Today we continue our discussion of the pros and cons of Personal Parishes for the Extraordinary Form. In 1988 and the immediately subsequent years following their formation, the Priestly Fraternity of St. Peter (FSSP) and Institute of Christ the King (ICRSP) were more interested in gaining a foothold in North America than in establishing parishes of their own. The early years consisted largely of their priests commuting about, celebrating Tridentine Masses for communities that shared parish facilities with Ordinary Form congregations. The need existed because of a lack of available, interested local clergy.[Comments? Please e-mail firstname.lastname@example.org. Previous columns are available at http://www.windsorlatinmass.org/latin/tnews.htm. This edition of Tridentine Community News, with minor editions, is from the Windsor Assumption Catholic Church bulletin insert for December 11, 2011.]
As time went on and an increasing number of diocesan and religious order priests learned the Tridentine Mass, the FSSP, ICRSP, and similar groups refocused their efforts on administering communities or parishes exclusively dedicated to the Extraordinary Form. The usual term for such an arrangement is a “Personal Parish”, signifying that the parish in question is non-territorial and created to serve a particular “personal” need of the diocesan bishop. Sometimes the term “oratory” is used for the same purpose. Canonically, an oratory is a non-territorial parish, not to be confused with a church run by the Oratorian Fathers, such as the Oxford or London Oratories.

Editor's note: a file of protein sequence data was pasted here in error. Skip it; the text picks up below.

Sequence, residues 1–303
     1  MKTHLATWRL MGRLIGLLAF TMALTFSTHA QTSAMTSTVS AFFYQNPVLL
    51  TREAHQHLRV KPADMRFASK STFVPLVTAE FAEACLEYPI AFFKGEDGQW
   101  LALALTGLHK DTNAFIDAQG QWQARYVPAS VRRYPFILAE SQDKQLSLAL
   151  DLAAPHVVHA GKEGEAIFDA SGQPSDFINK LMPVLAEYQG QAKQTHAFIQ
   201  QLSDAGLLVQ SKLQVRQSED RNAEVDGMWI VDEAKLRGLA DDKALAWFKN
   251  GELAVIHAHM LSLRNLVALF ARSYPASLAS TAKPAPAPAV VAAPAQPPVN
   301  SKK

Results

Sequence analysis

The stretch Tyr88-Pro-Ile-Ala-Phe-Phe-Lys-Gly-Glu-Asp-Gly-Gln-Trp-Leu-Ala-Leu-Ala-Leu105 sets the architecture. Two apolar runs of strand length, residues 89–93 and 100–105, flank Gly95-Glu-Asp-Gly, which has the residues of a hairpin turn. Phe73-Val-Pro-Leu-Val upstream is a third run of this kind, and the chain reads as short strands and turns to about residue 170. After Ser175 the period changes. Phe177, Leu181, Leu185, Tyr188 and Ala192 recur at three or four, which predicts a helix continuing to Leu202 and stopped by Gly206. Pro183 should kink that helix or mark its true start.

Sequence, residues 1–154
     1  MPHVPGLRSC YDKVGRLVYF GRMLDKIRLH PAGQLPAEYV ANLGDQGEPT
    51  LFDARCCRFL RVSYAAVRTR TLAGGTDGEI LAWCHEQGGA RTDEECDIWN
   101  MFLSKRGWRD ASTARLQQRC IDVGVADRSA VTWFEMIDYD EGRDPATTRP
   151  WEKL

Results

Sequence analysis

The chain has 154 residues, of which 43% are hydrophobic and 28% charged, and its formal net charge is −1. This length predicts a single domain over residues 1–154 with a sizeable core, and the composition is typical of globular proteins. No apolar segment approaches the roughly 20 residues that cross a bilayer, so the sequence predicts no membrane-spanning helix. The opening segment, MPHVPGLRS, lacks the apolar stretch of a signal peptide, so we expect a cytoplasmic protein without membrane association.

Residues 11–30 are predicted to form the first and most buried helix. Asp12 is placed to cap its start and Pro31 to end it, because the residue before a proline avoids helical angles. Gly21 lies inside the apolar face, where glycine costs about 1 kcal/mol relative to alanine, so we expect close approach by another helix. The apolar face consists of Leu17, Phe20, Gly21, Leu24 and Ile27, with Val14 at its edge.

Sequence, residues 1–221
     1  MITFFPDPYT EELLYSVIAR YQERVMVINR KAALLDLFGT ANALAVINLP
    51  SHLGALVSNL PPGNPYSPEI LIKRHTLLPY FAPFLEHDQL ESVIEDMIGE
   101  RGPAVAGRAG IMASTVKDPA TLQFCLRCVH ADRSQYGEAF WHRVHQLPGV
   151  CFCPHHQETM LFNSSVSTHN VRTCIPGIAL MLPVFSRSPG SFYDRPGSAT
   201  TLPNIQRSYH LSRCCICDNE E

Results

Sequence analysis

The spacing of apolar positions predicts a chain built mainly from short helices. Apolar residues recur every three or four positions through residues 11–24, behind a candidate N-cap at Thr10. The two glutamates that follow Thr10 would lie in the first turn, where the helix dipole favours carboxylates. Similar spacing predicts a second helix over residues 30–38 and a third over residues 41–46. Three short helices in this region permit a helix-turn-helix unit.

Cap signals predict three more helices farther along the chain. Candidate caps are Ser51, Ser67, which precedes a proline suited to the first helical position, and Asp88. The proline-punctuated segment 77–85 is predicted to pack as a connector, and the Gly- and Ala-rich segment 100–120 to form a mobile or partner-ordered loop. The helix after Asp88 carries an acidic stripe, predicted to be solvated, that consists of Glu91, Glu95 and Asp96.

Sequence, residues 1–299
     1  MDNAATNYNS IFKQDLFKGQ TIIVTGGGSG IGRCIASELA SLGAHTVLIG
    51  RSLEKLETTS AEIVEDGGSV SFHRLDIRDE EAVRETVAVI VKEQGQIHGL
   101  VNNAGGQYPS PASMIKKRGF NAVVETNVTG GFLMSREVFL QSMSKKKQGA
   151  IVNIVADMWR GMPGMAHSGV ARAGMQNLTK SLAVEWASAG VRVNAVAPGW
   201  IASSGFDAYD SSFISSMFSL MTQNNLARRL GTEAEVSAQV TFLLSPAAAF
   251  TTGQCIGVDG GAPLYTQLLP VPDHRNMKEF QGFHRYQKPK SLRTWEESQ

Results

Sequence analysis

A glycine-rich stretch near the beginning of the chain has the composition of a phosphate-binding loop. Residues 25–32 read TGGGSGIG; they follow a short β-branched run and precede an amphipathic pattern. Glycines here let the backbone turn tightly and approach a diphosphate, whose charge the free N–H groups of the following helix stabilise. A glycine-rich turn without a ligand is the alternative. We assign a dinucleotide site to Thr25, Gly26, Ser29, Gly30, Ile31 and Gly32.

On the surface, a Personal Parish might look like a good thing. No worries about set-up and take-down of the church to switch between Ordinary and Extraordinary Forms, presumably fewer parish politics, greater freedom to conform the parish schedule to Tridentine events. Peel the skin off the onion, however, and other challenges raise their heads, finances being Issue #1.
Consider St. Josaphat: The Novus Ordo Community deserves our deepest gratitude for preserving and sustaining the parish before the Tridentine Community arrived in 2004. Their ongoing monthly fundraising dinners have for years provided key revenue that kept the parish solvent and out of debt. Today, however, the Ordinary Form Community could not financially sustain St. Josaphat on its own. Neither can the Tridentine Community, despite its higher attendance and higher offertory collections. It’s approximately a 50/50 arrangement financially; we need each other. Until the Tridentine Community can at least double its financial contributions, the notion of turning St. Josaphat into a Personal Parish for the Extraordinary Form is not viable. Sharing a parish is the only current practical option, unless a priest and cost-sharing venture with another Tridentine Community can be established. The priest sharing concept has been discussed with the Flint and Windsor Tridentine Communities, and a joint budget has been drawn up, but the idea can go nowhere unless the Archdiocese of Detroit indicates interest in such an arrangement.